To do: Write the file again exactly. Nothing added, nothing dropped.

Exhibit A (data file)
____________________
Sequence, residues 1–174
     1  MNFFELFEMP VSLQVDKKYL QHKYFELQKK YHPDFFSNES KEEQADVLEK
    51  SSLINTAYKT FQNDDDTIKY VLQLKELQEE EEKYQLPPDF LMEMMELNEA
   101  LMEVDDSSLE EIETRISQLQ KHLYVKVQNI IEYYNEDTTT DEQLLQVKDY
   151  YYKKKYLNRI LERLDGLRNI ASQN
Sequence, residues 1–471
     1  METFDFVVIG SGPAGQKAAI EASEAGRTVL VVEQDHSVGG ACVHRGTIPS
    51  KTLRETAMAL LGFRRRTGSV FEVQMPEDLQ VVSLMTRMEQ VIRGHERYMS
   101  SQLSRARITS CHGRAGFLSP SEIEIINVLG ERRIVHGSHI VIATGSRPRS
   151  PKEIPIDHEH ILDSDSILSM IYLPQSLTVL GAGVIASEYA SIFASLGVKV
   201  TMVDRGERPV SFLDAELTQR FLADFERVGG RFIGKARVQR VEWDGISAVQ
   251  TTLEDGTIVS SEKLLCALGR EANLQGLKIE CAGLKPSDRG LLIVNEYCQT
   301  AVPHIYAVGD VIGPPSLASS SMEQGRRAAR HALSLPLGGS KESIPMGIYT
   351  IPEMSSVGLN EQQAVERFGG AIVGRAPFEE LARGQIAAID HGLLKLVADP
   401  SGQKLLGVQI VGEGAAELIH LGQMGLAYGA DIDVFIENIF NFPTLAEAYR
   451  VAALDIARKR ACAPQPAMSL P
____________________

Sequence, residues 1–174
     1  MNFFELFEMP VSLQVDKKYL QHKYFELQKK YHPDFFSNES KEEQADVLEK
    51  SSLINTAYKT FQNDDDTIKY VLQLKELQEE EEKYQLPPDF LMEMMELNEA
   101  LMEVDDSSLE EIETRISQLQ KHLYVKVQNI IEYYNEDTTT DEQLLQVKDY
   151  YYKKKYLNRI LERLDGLRNI ASQN
Sequence, residues 1–471
     1  METFDFVVIG SGPAGQKAAI EASEAGRTVL VVEQDHSVGG ACVHRGTIPS
    51  KTLRETAMAL LGFRRRTGSV FEVQMPEDLQ VVSLMTRMEQ VIRGHERYMS
   101  SQLSRARITS CHGRAGFLSP SEIEIINVLG ERRIVHGSHI VIATGSRPRS
   151  PKEIPIDHEH ILDSDSILSM IYLPQSLTVL GAGVIASEYA SIFASLGVKV
   201  TMVDRGERPV SFLDAELTQR FLADFERVGG RFIGKARVQR VEWDGISAVQ
   251  TTLEDGTIVS SEKLLCALGR EANLQGLKIE CAGLKPSDRG LLIVNEYCQT
   301  AVPHIYAVGD VIGPPSLASS SMEQGRRAAR HALSLPLGGS KESIPMGIYT
   351  IPEMSSVGLN EQQAVERFGG AIVGRAPFEE LARGQIAAID HGLLKLVADP
   401  SGQKLLGVQI VGEGAAELIH LGQMGLAYGA DIDVFIENIF NFPTLAEAYR
   451  VAALDIARKR ACAPQPAMSL P